Skip to main content

New Music Monday: Old Crow Medicine Show

new music monday old crow medicine show ocmsss 940
Old Crow Medicine Show Remedy

Somebody’s child cries in the background while Ketch Secor chooses his words, which may explain the metaphor Old Crow Medicine Show’s co-founder borrows to explain the third track on their newest album, Remedy. “Bob called,” Ketch says with dry understatement. “Left a song at the doorstep in a little Moses bassinet.” Bob called. Bob Dylan.

Related Videos

He didn’t actually call. That would be too much. Dylan’s management company e-mailed a song fragment from Dylan’s 1973 Pat Garrett & Bill the Kid outtakes, the same sessions from which Ketch and his mates borrowed and expanded and ultimately co-wrote “Wagon Wheel.” That turned out pretty well for everybody involved, the single certified platinum by the RIAA, most of those spins and downloads accomplished even before Darius Rucker took the song to the top of the country charts. A standard now, a parking lot song.

Only this time Dylan’s song fragment — “Sweet Amarillo” — came with something like a manual. “In a kind of hands-off way he told us how he wanted us to do it,” Ketch says. “Told us the chorus needs to come in at the sixteenth bar, to play the fiddle, not the harmonica.”

“Sweet Amarillo” might not even be the best song on Remedy, scheduled for a July 1 release on ATO. There might not be a best song.

Secor’s own “Dearly Departed Friend,” a comrade’s homage to a soldier who could not survive the peace back home…that might be the best. Or Critter Fuqua’s down and out co- write, “Firewater,” maybe that one. Or “The Warden,” co-written by banjo player Gill Landry and Felix Hatfield, a striking prison portrait which book-ends the album with Secor’s rollicking “Brushy Mountain Conjugal Trailer.”

It’s all good.

Fifteen years into their career, Remedy may well be Old Crow Medicine Show’s finest album to date. It reunites them with producer Ted Hutt (Flogging Molly, Dropkick Murphys, Gaslight Anthem), who also directed traffic on Carry Me Back. “Everything kinda clicked for this record,” Critter Fuqua says. “It was a real collaborative effort. I’ve never had such a good time writing, making demos…the whole process.” He’s not just saying that. It shows. Or, as the old record men used to say, it’s in the grooves.

These last few years have been filled with miracles and accolades, beginning with co-founder Critter Fuqua’s return to the band after a five-year hiatus. A film documenting the 2011 Railroad Revival Tour (with Edward Sharpe and the Magnetic Zeroes and Mumford & Sons) won the 2013 Grammy Award for Best Long Form Music Video.

As it worked out, 2013 was also the year Old Crow Medicine Show became members of the Grand Ole Opry. Not itinerant musicians busking outside, hoping to get noticed before they got busted. Members. On the big stage.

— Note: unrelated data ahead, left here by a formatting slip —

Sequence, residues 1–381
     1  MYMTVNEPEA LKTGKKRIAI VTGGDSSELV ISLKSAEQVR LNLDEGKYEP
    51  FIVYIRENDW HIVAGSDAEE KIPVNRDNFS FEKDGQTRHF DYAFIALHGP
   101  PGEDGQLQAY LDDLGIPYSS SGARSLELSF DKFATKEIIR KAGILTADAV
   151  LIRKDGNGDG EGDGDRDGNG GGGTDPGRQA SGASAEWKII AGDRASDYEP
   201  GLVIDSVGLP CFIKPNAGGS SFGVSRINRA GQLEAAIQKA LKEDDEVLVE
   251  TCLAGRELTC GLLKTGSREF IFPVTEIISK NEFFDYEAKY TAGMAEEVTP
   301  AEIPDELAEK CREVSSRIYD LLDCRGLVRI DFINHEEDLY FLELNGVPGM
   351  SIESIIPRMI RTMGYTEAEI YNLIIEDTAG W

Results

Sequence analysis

On ever bigger stages, the kind of slow, organic growth managers and labels always hope for and rarely have the patience to nurture. Headliners where once they opened. On any stage Old Crow still play with the hunger and ferocity of scruffy kids watching coins fall in the guitar case. Except they’ve accumulated technique and grooming tips since they began making music on street corners in upstate New York, Canada, and down into Boone, North Carolina, where they were discovered by Doc Watson. Another new song, “Doc’s Day,” is what Critter calls “historical fiction” honoring those days. “We played on King Street. We didn’t have amps or guitars. There were definitely some hillbillies that loved to flatfoot.”

Among the first of their generation to come to old time string music, Old Crow were as rough as green lumber in those early days. As they should have been. “None of us grew up playing this music,” Critter says. “We all grew up playing Nirvana and electric guitars.” “It was raw for a couple reasons,” Ketch says. “It was raw because the source of inspiration was all of the earliest recordings of country music, blues music, race and hillbilly. And that stuff is the raw form. It’s dirty. That’s the greasy stuff. That’s what we were cloaking ourselves with.”

That folk tradition resonates throughout Remedy. “Tennessee Bound” extends a song from Lily Mae Ledford, the Kentucky banjo player principally associated with the Coon Creek Girls. “Sweet Home” recasts a melody originally recorded by the Skillet Lickers.

It is those deep roots which make Old Crow Medicine Show’s audience dance and sing. Traditionalists, new and old. Blue collar, white collar, no collar. Doesn’t matter. It doesn’t matter because Old Crow Medicine Show is a vital, diverse ensemble. A living cloud of joy. Songs come from anywhere, filtered through the band’s streetcorner savvy. But at the center of things remains the long-running creative partnership of Ketch Secor and Critter Fuqua. “Critter and I started writing songs when we were thirteen,” Ketch says. “At a really young age Critter was a phenomenal musician, really innate. Actually, it feels like I’m fourteen when we hang out. It’s been such a full wind in our sails to have Critter back.”

The medicine show tradition was all a hustle, musicians (or worse) trotted out to draw an audience so the smart guy could step onstage and sell bottles filled with a remedy for whatever ailed. The smart guy was wrong, even if he made most of the money.